Three ways to keep an unvented hot water cylinder clean

George Linder

George Linder gives his best tips on how best to ensure an unvented hot water storage system remains free from contaminants.

Unvented hot water storage systems remain to be a popular choice for several applications, including offices, schools and hotels. However, while they are often installed out of sight, they shouldn’t be out of mind, and need to be kept clean to ensure a reliable and efficient hot water supply is maintained. Carrying out any cleaning procedures as part of an annual maintenance schedule will be sure to reduce ongoing maintenance costs by improving the efficiency and longevity of the system.

George Linder, product manager of Cylinders at Heatrae Sadia, outlines three key considerations to keep an unvented hot water cylinder clean and performing as it should.

  1. Water composition

It’s vital to consider the local water composition when installing an unvented system, as it can affect the system’s performance. Let’s take chloride levels for example, where high levels can essentially attack stainless steel with its corrosive properties, potentially exposing cracks and leaks in pipework and the cylinder itself.

Water hardness goes hand-in-hand with scale deposition and the level of suspended particles in a system, which may require filtration to remove. It’s also worth noting that most pressure reducing valves will include a strainer mesh to prevent particles impairing the operation of the valve. However, it’s important to inspect and clean the strainer on at least an annual basis during any other maintenance checks.

  1. Water treatment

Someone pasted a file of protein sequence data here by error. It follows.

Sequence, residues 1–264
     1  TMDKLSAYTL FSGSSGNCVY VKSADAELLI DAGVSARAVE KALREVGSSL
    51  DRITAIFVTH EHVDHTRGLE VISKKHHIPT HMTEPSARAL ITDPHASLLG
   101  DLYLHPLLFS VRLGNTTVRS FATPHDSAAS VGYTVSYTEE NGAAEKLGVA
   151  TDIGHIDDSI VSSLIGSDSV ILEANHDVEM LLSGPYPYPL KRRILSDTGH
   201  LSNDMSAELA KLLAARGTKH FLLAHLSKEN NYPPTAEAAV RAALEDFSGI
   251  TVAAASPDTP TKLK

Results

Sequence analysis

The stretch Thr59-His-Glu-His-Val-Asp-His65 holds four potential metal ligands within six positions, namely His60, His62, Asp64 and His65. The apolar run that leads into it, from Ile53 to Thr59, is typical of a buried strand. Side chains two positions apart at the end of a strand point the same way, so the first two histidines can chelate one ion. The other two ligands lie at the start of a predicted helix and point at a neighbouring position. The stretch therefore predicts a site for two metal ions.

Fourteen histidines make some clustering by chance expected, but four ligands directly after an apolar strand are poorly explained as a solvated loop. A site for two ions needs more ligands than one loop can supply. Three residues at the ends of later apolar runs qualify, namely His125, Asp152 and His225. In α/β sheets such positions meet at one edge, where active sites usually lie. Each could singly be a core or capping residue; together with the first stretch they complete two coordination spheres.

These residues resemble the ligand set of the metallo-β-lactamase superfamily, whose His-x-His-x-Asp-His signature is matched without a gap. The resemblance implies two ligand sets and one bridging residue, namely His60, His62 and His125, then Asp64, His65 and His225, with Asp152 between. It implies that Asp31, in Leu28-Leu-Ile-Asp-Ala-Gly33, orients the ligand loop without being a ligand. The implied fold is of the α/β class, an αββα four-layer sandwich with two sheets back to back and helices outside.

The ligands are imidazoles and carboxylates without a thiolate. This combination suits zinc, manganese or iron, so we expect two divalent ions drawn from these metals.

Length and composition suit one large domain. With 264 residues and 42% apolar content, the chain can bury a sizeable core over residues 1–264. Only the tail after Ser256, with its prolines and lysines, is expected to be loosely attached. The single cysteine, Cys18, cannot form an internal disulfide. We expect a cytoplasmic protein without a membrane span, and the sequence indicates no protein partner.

Depending on local conditions and end-user requirements, installers will need to recommend specific water treatment techniques to keep a system free from contaminants.

  • A filtration system will ensure water is treated before it enters the hot water cylinder, preventing the build-up of limescale within the system and on heating elements.
  • Ion exchange water softening works by extracting hardness minerals in water which are causing limescale (such as calcium and magnesium) and replacing them with sodium minerals to soften the water.
  • Another consideration is water conditioning, via chemical or non-chemical alternatives including electronic or magnetic water conditioning.
  1. Control of bacterial growth

A tank can be well-designed and compliant but if it’s installed in a poorly designed system, there can still be problems with bacterial growth.

Luckily though, control of bacteria growth can be achieved thermally. For example, if the water is being stored at a temperature above 60°C, it should be circulated at a temperature below 55°C, and delivered at a temperature above 50°C. However, safe delivery temperature requirements shouldn’t be forgotten, as water delivered above 52°C will scald. Bacterial growth can also be controlled chemically via disinfection or UV treatment. However, this option is usually more expensive and only applied in large commercial installations.

Ultimately, to ensure the continued optimum performance of an unvented cylinder, it should be regularly maintained and kept clean, not least in hard water areas or where the water supply contains particulate matter. In all instances though, good system design practice and sizing in accordance with approved guidelines is required.